If you are considering divorce, have already begun the process or are just wrapping up the protracted legal fight that was necessary to dissolve your marriage, your estate plan probably isn’t on your mind. You are likely more concerned with day-to-day issues like taking care of the kids, dividing the marital assets and debts, setting up a new household or tightening your financial belt to support a household on your own instead of with two incomes.
Clearly, at this difficult time, you already have a lot on your metaphorical plate, but the truth is that your estate plan may need some serious revisions amidst the fallout from a divorce. There are key aspects of an existing estate plan that will likely need to be significantly reworked if your marriage falls apart and you choose to divorce.
Conservatorships and Guardianships
Two key aspects of an estate plan that will need to be redone following a split are conservatorship and guardianship arrangements. Should you be the rare couple who genuinely remain friends and are comfortable with your former spouse making important medical care and financial decisions on your behalf, then you might not need to take this step.
If, however, you are in the majority of divorcing couples and your split comes with a healthy dose of contention or bitterness, you will want to update these documents as soon as is practicable. You don’t want to be in a situation where someone you no longer trust or respect is granted conservatorship or guardianship rights and is responsible for deciding upon your health care, managing your assets, making your housing arrangements, ensuring your personal needs are met and even buying the clothes on your back.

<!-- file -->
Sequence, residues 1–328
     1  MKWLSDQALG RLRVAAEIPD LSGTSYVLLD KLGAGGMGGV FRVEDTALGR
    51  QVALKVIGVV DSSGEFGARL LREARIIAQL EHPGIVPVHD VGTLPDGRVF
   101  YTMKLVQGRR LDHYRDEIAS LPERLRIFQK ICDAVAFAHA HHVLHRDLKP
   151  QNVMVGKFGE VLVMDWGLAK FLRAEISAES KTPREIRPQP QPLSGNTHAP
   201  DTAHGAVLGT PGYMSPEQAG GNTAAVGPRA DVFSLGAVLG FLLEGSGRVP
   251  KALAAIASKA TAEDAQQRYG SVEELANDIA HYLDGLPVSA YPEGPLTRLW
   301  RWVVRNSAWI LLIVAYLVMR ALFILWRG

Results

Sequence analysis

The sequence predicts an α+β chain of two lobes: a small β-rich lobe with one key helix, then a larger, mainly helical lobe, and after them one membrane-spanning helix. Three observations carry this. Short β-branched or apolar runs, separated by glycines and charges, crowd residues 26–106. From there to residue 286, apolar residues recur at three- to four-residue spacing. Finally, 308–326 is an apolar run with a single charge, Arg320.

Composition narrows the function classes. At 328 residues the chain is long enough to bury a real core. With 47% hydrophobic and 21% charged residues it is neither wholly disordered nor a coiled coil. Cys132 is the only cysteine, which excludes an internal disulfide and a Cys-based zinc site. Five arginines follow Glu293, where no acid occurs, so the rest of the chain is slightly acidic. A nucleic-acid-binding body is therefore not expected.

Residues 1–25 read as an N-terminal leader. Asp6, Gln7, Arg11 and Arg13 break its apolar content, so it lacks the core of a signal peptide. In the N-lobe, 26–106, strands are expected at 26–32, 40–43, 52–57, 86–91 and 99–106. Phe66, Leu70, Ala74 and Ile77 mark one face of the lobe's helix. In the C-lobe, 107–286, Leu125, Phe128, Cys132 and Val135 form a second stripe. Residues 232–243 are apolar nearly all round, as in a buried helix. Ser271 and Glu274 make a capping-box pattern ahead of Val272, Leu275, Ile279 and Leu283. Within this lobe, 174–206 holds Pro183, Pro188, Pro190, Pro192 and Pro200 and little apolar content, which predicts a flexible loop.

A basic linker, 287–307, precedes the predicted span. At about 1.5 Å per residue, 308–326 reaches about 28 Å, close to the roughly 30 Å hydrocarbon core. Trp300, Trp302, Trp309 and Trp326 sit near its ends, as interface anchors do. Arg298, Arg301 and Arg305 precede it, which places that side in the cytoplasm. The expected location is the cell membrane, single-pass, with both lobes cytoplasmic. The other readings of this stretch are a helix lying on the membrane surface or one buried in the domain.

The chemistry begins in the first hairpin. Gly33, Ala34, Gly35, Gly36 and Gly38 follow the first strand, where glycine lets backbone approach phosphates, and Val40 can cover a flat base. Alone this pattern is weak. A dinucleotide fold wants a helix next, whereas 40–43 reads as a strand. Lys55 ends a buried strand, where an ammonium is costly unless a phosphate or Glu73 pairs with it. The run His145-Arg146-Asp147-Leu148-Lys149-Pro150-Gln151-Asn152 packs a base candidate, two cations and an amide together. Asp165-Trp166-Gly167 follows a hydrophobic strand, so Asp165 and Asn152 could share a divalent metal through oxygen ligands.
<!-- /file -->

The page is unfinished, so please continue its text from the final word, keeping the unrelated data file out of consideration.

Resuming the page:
Another key aspect of your estate plan that might need to be addressed following a split is property allocation. You may have planned to leave your spouse certain family heirlooms or assets while you were married, but that could have changed now that you are no longer together. Any specific property left to your former spouse in your will is subject to change following a divorce, but, in order to save your heirs serious hassle and expense, you need to proactively update those allocations.
For example, if you have an antique that has been in your family for generations, you should ensure that one of your children is bequeathed that item so that your spouse cannot sell, destroy, damage or dispose of it.
Just because you are legally divorced does not mean that the provisions of your will automatically change to instead leave your belongings to children or other family members. After a divorce, you should strongly consider reexamining your entire estate plan, including naming new beneficiaries for insurance policies or accounts, ensuring that property is allocated appropriately and naming new conservators/guardians to care for your needs. To learn more about the interplay of divorce and estate planning, visit an experienced Texas family law attorney today.